I like with the sentiment of the quote, and I hate to be that guy, but did St. Augustine actually say this quote? If so, where? I very much doubt it is authentic.


I googled it and can’t find the quote, except here.


Well the Jews whom stumbled at the New Testament might have a coronary over you saying that. Now I do not think they are contrary but it just goes to show that God allows misunderstandings of doctrine to occur within the church, presumably because a greater good arises from it, and that’s why the Gift of Prophecy is still quite important in the Church.


It is utterly amazing that I should, after thousands of visits to CAF, should come upon this quotation from Augustine at this moment.

First, consider: 2 Tim 3:12-17: “Indeed all who desire to live a godly life in Christ Jesus will be persecuted, while evil men and impostors will go on from bad to worse, deceivers and deceived. But as for you, continue in what you have learned and have firmly believed, knowing from childhood you have been acquainted with the Sacred Writings which are able to instruct you for salvation through faith in Christ Jesus. All scripture is inspired by God and profitable for teaching, for reproof, for correction, and for training in righteousness, that the man of God may be complete, equipped for every good work.” RSV-2CE

Second, consider that the scripture Paul is referring to here is THE SEPTUAGINT, from which all New Testament citations of the Old Testament are taken.

My aunt, who is evangelical, told me (I’m 65 years old) that 100% of Catholics are condemned, because we don’t ‘accept Jesus Christ as our personal savior.’ Last evening, I finally responded to her that 100% of Protestants are reading the wrong Bible, because, in defiance of I Tim 3:12-17, Martin Luther threw 7 books out of the Bible, when he translated it into German.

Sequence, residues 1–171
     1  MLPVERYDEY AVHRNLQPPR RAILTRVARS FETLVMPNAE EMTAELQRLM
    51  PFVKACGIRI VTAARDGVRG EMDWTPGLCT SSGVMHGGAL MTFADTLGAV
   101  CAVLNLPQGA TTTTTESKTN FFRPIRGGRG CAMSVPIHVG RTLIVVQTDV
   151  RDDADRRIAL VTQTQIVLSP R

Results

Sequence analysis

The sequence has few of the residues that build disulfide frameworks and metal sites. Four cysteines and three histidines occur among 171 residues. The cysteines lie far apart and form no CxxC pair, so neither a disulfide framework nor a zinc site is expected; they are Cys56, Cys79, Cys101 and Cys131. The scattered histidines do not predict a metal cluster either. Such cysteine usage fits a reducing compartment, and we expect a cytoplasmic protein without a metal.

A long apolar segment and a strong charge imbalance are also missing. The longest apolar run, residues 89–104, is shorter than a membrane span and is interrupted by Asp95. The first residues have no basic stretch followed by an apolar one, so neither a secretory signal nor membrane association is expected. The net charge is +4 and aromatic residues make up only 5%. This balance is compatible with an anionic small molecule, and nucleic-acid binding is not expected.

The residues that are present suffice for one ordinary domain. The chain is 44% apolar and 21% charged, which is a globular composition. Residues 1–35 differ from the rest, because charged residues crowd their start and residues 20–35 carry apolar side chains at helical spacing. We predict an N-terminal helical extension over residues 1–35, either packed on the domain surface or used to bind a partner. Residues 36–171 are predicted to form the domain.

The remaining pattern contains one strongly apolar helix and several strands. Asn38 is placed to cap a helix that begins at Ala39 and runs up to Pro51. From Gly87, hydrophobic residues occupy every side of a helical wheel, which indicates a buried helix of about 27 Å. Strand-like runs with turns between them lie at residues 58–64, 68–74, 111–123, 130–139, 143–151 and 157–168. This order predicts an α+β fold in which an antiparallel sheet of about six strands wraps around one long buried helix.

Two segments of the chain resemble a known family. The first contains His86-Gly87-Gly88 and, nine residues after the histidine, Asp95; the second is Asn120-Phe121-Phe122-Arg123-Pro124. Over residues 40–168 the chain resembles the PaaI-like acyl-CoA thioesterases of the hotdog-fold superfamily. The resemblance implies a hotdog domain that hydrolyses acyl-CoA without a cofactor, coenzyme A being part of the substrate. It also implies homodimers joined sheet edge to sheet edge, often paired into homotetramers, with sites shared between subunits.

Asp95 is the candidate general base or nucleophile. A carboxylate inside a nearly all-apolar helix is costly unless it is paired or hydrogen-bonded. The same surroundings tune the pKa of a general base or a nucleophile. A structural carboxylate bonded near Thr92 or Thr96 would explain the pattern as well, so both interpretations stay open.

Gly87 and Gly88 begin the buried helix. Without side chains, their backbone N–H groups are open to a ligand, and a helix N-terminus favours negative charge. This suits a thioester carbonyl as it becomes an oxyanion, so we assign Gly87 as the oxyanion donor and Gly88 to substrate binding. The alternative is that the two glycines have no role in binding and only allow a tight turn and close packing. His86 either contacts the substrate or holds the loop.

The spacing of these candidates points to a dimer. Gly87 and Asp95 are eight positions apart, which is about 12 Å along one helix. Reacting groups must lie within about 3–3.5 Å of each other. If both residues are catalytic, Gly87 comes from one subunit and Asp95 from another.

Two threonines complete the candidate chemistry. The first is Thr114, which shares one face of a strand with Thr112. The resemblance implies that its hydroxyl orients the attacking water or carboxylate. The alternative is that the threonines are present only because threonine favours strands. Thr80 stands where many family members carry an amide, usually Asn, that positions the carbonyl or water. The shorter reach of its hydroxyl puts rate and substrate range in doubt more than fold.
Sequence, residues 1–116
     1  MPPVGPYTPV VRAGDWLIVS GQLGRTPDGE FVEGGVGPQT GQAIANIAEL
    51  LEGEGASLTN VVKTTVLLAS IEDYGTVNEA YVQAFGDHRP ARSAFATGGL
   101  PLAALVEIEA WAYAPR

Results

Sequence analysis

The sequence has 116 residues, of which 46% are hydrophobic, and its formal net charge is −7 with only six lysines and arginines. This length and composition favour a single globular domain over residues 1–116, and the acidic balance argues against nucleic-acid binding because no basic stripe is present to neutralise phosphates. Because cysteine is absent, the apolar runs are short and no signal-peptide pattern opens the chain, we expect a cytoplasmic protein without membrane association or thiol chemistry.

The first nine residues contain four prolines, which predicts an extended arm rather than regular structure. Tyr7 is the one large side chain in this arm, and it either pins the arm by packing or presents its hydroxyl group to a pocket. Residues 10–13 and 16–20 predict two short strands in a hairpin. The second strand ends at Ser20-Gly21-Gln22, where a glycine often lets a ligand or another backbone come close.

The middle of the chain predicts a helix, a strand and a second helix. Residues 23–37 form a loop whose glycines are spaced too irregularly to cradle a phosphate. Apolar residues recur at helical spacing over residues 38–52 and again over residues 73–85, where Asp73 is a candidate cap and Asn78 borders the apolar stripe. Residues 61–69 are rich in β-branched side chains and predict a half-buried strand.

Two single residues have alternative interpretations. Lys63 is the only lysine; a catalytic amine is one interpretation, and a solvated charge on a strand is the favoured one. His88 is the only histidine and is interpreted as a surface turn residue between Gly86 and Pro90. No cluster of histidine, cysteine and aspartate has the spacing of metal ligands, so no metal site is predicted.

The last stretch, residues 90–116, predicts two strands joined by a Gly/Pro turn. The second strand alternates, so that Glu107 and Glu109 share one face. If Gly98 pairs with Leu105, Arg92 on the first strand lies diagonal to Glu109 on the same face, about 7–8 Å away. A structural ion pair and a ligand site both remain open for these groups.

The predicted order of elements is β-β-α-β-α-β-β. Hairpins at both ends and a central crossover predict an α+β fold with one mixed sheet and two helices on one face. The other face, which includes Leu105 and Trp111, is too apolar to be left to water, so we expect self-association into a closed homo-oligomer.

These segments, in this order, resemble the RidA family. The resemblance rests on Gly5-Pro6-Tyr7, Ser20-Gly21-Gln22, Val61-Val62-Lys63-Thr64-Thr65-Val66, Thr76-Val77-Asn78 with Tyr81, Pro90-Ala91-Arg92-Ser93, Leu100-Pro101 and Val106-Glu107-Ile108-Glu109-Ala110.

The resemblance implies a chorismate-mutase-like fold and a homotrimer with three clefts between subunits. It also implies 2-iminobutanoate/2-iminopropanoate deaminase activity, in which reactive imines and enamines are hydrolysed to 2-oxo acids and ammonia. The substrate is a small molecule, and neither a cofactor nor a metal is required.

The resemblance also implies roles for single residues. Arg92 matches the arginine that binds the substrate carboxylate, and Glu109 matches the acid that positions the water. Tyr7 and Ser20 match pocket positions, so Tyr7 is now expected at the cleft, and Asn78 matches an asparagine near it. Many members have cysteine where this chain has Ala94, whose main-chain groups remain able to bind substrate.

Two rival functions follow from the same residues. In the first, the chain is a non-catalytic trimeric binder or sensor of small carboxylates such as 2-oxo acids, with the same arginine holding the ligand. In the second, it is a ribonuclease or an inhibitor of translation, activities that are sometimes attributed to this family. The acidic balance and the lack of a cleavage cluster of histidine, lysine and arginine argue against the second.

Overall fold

It’s stunning to realize that even Jesus didn’t do such a thing (in fact said he didn’t come to take one one jot or tittle), but Martin Luther DID. It is stunning that Luther’s followers, all Protestants today, violate one of the “scriptures” that they take most pride in.

Can this be denied?


Thanks, Fred, for being a great straight man for me today.


Thanks for all the responses from triumphguy,Nelka, God I love, Guanaphore, Qndnndqdce, and sirach2v4.
Liked them all and particularlly the story about your grandma,Sirach. She sounds like a real down to earth person full of spunk. I enjoyed that very much.

There has been a question of the authenticity of this quote and I can appreciate that. I can’t give you the place in Augustine’s writtings where he wrote it because I copied this quote from someone else who didn’t give where Augustine said this. So my bad if this didn’t come from him.

I posted it because I thought it hit home in such a clever way that we accept the bible’s teachings because if we reject some then we replace ourselves as the highest authority and have changed nothing.
It was just masterfully said.

He didn’t say that there wouldn’t be passages or times when a person would struggle with the meaning. But even in these cases, just because we don’t like the passage, we shouldn’t just reject it, which would include avoiding it.

And in those passages which are clear, try to twist them in some other way to please ourselves.
Myself, I felt after reading the quote, if we are in the mood only to hear only what we want, then we are only trying to verify our own thoughts and we are our own bible…so why read this one.

The saying of Augustine just seemed to hit on the hot spot so perfectly reflecting his genius, and I think God smiled on that one. And so I thought others too would enjoy it.

Praise to our Creator of all blessings.


Thanks for that.:thumbsup:


This is a very scriptural view:

18 For, in the first place, when you assemble as a church, I hear that there are divisions among you; and I partly believe it, 19 for there must be factions among you in order that those who are genuine among you may be recognized. I Cor 11

So, how would those who are genuine be recognized? The Apostles and their successors the Bishops were centered around the authentic Eucharist. We know by reading the Fathers that the authentic Church founded by Christ is that which is centered around the Bishop and the valid Eucharist in his care.

You are right that a greater good will arise from divisions.


Your mooooooooooore than welcome. :tiphat: